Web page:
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Effort aims to keep more food dollars in state
With little effort, Southwest Nebraskans can enjoy choice, locally-sourced beef through a local locker plant, directly from a rancher or by placing an order at a steak house.
But how many of us actually care where that T-bone was born?
Fill up our shopping carts at the grocery or big-box store, and most of that food traveled hundreds or thousands of miles to reach our pantries or refrigerators.
Sure, no tomato that was picked green to ripen while waiting to be purchased can compare to a fresh-from-the-vine Big Boy, but we want our BLTs when we want them, not just when tomatoes are in season.
“When we spend food dollars outside of the state, that weakens our local economy and limits local access points,” said Sandra Renner of the Center for Rural Affairs and co-author of a new report, “Biting Into Food Access: A View of Nebraska’s Food System.”
That beef and veal? Nebraska is the top exporter, but where did that hamburger you plan to have for lunch originate?
While 1,300 Nebraska farms sell directly consumers, with sales of $5.9 million, that’s only 0.04 percent of the farm product sales in the state, according to the report.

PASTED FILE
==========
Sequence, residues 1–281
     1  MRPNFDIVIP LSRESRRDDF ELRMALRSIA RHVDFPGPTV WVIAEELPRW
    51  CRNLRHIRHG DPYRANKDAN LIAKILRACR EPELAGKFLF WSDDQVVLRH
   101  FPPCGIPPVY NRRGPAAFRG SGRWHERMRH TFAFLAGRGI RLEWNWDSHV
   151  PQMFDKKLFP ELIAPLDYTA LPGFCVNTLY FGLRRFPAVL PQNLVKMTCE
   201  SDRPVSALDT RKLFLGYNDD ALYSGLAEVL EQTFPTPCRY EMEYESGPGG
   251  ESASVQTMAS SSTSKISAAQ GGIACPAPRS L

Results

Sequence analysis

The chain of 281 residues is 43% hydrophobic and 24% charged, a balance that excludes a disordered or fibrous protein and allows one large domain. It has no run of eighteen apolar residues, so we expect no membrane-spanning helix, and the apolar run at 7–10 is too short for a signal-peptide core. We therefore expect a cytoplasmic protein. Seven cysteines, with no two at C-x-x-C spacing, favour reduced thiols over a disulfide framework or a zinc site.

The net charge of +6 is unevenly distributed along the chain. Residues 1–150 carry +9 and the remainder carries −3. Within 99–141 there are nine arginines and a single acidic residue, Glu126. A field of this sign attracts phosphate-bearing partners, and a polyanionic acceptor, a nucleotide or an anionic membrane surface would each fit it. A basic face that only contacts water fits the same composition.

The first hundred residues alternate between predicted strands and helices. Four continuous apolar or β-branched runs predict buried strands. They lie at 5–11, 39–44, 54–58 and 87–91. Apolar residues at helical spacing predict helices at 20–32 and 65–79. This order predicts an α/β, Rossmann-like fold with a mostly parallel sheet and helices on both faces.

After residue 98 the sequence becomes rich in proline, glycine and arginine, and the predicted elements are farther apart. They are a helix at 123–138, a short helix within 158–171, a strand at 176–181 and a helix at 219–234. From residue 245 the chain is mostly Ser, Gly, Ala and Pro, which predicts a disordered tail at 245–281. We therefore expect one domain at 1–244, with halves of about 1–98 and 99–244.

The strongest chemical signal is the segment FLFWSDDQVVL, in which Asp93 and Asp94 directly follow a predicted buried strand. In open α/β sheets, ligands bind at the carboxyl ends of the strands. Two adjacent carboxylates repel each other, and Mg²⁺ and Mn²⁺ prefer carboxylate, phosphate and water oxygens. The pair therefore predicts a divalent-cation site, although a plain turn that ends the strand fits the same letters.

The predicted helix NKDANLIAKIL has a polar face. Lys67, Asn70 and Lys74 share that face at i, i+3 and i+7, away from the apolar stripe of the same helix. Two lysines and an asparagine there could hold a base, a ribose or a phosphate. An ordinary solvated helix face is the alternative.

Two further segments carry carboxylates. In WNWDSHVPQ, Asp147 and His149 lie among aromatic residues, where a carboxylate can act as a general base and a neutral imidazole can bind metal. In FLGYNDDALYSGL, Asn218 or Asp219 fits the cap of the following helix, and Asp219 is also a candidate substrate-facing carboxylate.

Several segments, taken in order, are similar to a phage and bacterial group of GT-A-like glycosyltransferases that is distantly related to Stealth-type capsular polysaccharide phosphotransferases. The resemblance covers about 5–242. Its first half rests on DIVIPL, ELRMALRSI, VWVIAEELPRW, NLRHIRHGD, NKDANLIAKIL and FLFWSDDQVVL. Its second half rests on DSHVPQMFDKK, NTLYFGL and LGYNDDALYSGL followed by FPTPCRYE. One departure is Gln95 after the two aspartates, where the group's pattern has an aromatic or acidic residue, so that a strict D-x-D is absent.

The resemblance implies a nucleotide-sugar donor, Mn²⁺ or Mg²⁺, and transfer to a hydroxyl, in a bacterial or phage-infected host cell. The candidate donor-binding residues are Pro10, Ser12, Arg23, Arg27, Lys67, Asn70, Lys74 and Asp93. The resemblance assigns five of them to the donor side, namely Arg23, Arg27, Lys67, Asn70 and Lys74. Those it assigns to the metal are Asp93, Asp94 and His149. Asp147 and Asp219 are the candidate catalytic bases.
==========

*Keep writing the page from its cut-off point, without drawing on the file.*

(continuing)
During the 2017-18 school year, Nebraska Farm to School reported $2.7 million in total local food purchases, including melons, vegetables, chicken and milk.
Currently, only about 10 percent of the $4.4 billion that Nebraskans spend on food annually is expended on products grown and processed in the state.
Why so little? It’s a matter of simple economics; large, out-of-state producers and processors are set up to deliver product at lower prices, taking advantage of economies of scale and climates more conducive to fruit and vegetable production.
The report, which examines demographics, food production and land use, food consumption and access, and food waste, offers guidance for the newly-formed Nebraska Food Council.
That group has created a list of research topics, policy work and areas of focus that need to be pursued.
“We’re looking at how to better feed our population and how to shift toward creating opportunities for more food production aimed at human consumption,” Renner said. “By addressing key issues on food, farm, small business and community-level and institutional policy, there is potential to identify strengths, changes needed and gaps in the food system.”
Seed catalogs are already arriving, and gardeners are already planning this year’s efforts. Some of them plan to raise much more than their families need, and sell the rest at local farmers’ markets.
Those of us without green thumbs or time to pursue home vegetable production can support them by visiting those weekend gathering places, or buying vegetables from a local producer whenever we can.
Perhaps Nebraska can’t compete directly with vegetable production giants like California, Texas, Florida or Arizona, but with imagination, innovation and determination, we can shift more of our food dollars to friends and neighbors instead of sending them out of state.
Check out the report here: http://bit.ly/2TuGZGu